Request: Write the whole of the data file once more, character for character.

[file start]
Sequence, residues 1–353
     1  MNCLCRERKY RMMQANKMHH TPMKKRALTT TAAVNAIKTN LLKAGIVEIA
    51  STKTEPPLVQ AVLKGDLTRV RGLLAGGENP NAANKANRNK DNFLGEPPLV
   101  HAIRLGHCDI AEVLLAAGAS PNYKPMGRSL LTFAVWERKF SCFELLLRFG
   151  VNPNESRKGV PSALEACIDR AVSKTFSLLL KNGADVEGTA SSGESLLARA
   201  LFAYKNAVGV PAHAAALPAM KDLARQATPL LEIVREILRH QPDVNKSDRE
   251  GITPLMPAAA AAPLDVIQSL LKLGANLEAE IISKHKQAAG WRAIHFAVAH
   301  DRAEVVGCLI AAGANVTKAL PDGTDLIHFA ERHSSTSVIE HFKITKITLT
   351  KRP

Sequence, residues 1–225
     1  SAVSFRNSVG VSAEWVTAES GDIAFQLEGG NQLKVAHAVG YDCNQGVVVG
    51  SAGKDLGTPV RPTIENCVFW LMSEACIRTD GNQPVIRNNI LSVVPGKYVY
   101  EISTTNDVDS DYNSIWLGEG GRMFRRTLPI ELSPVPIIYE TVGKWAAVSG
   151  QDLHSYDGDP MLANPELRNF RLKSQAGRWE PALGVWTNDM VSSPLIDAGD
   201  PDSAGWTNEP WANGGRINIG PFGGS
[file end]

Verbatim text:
Sequence, residues 1–353
     1  MNCLCRERKY RMMQANKMHH TPMKKRALTT TAAVNAIKTN LLKAGIVEIA
    51  STKTEPPLVQ AVLKGDLTRV RGLLAGGENP NAANKANRNK DNFLGEPPLV
   101  HAIRLGHCDI AEVLLAAGAS PNYKPMGRSL LTFAVWERKF SCFELLLRFG
   151  VNPNESRKGV PSALEACIDR AVSKTFSLLL KNGADVEGTA SSGESLLARA
   201  LFAYKNAVGV PAHAAALPAM KDLARQATPL LEIVREILRH QPDVNKSDRE
   251  GITPLMPAAA AAPLDVIQSL LKLGANLEAE IISKHKQAAG WRAIHFAVAH
   301  DRAEVVGCLI AAGANVTKAL PDGTDLIHFA ERHSSTSVIE HFKITKITLT
   351  KRP

Sequence, residues 1–225
     1  SAVSFRNSVG VSAEWVTAES GDIAFQLEGG NQLKVAHAVG YDCNQGVVVG
    51  SAGKDLGTPV RPTIENCVFW LMSEACIRTD GNQPVIRNNI LSVVPGKYVY
   101  EISTTNDVDS DYNSIWLGEG GRMFRRTLPI ELSPVPIIYE TVGKWAAVSG
   151  QDLHSYDGDP MLANPELRNF RLKSQAGRWE PALGVWTNDM VSSPLIDAGD
   201  PDSAGWTNEP WANGGRINIG PFGGS